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When Muslims had almost reached Aleppo in 635, Heraclius and Yazdegerd (III) sought an alliance and Heraclius married off his [grand?] daughter to Yazdegerd and they both were set to mount a simultaneous attack on Muslims: Heraclius from Northern Syria and Yazdegerd from Iraq simultaneously.

But why couldn't it happen and instead we saw no offensive from Yazdegerd on east while all the Muslim army (and especially all the notable commanders including Khalid ibn Walid were in Syria) and continued their progression (all the way till epic battle of Yarmouk)

So question is simple: Why couldn't Yazdegerd coordinate with his father-in-law to crush their common (and most loathed due to monotheism) enemy?

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    Can you show a source for the marriage of Yazdegerd(III) to a descendant of Heraclius? – justCal Apr 13 '17 at 5:24
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    Christianity and Zoroastrianism are both considered monotheistic as well. Whatever the problems the three parties had with each other were, monotheism wasn't one of them. – T.E.D. Apr 13 '17 at 14:16
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    @T.E.D. Muslims generally criticize Christians as being only monotheists in name, but not practice. The doctrine of the Trinity and veneration of saints, both of which were already widespread in the 7th century, appears much more polytheistic than monotheistic to outsiders. I can't say much about Zoroastrianism. – fredsbend Apr 13 '17 at 20:01
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    @fredsbend - Perhaps, but I'm not real interested in chasing after a "No True Scottman" argument in this forum. Fighting out the definitional meanings I'll leave to folks who specialize in such things, like Wikipedia, who currently term all 3 religions "monotheistic". – T.E.D. Apr 13 '17 at 20:12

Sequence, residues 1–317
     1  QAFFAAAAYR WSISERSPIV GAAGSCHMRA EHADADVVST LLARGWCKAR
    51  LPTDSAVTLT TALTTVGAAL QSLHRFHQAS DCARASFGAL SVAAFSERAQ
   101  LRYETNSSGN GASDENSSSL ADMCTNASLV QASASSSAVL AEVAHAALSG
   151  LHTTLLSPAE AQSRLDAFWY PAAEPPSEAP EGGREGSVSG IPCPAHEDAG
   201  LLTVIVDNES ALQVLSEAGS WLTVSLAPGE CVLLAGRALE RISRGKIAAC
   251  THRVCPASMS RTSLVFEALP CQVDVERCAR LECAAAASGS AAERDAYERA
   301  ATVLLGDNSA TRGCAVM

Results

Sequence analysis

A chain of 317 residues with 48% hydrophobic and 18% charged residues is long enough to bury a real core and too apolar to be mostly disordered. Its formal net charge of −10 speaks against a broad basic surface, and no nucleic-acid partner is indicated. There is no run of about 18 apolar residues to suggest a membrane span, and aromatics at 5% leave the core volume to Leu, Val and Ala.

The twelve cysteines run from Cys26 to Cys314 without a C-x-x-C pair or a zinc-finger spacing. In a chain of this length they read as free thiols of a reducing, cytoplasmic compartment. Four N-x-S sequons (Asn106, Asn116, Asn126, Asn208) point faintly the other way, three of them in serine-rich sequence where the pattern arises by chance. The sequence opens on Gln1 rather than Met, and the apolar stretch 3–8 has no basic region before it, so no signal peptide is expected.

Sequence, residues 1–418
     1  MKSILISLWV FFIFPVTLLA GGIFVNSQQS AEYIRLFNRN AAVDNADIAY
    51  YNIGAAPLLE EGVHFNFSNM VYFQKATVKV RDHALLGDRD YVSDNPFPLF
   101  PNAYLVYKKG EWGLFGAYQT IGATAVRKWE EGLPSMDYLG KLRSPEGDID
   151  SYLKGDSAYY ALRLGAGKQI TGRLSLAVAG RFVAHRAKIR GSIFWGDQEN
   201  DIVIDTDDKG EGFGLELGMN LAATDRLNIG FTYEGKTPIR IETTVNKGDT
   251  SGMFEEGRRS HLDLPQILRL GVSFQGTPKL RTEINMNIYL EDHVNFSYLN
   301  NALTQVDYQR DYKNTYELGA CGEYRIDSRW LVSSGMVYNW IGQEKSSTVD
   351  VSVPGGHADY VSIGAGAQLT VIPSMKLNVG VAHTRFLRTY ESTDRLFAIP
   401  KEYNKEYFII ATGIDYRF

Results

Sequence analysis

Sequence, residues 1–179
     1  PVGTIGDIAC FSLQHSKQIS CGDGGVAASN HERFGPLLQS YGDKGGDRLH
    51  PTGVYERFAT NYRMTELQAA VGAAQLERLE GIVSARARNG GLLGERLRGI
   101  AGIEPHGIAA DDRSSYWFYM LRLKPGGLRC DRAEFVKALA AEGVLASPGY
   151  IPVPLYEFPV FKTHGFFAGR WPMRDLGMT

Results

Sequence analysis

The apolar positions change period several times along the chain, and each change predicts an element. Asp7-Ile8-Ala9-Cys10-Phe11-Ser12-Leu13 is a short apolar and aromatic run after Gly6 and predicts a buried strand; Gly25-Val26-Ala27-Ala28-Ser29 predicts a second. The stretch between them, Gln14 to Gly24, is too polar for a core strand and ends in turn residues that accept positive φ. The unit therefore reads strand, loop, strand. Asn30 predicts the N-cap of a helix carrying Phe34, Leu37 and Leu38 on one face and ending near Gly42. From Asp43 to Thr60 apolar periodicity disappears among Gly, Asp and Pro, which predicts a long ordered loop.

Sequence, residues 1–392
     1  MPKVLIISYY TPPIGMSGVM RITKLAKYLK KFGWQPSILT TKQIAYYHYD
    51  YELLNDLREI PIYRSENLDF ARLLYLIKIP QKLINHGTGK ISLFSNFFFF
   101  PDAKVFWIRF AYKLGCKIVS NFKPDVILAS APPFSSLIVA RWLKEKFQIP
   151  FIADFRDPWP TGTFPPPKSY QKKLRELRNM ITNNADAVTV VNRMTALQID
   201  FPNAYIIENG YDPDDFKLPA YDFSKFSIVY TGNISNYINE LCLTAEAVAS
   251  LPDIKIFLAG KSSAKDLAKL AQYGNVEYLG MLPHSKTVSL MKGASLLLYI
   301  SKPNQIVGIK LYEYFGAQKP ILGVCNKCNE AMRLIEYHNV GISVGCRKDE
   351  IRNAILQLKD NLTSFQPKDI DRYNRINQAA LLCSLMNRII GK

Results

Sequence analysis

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    @T.E.D. I'm not trying to lay down definitions. I'm trying to give context that "monotheism" could very well be the problem muslims at that time had with christians. – fredsbend Apr 13 '17 at 21:30
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The wikipedia page of Battle of Yarmouk you cite, had impressions on this.

Vahan was instructed by Heraclius not to engage in battle until all avenues of diplomacy had been explored.[58] This was probably because Yazdegerd III's forces were not yet ready for the offensive in Iraq. Accordingly, Vahan sent Gregory and then Jabalah to negotiate, though their efforts proved futile. Before the battle, on Vahan's invitation, Khalid came to negotiate peace, to a similar end. These negotiations delayed the battles for a month.[38] On the other hand, Caliph Umar, whose forces at Qadisiyah were threatened with confronting the Sassanid armies, ordered Sa`d ibn Abi Waqqas to enter into negotiations with the Persians and send emissaries to Yazdegerd III and his commander Rostam Farrokhzād, apparently inviting them to Islam. This was most probably the delaying tactic employed by Umar on the Persian front.[59] Meanwhile, he sent reinforcements[38] of 6,000 troops, mostly from Yemen, to Khalid. This force included 1,000 Sahaba (companions of Muhammad), among whom were 100 veterans of the Battle of Badr, the first battle in Islamic history, and included citizens of the highest rank, such as Zubayr ibn al-Awwam, Abu Sufyan, and his wife Hind bint Utbah.[60]

It is said( by I do not remember who), the byzantines were supposed to wait for the arrival and uniting with the sassanids. On the battlefield of Yarmouk, they waited for a month. Umar sent a constant stream of reinforcements, which gave Vahan the impression that the muslim armies were really large, and that waiting for battle anymore would turn the odds against them. On the front with the persians, there were the stalling moves, of negotiating and inviting to islam , which kept them occupied and unable to co-ordinate.

Pardon the vagueness.

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    This is a good illustration of the fusion between politics and war, and how time is a factor in battle. Nicely put. – KorvinStarmast Jun 14 '17 at 12:48

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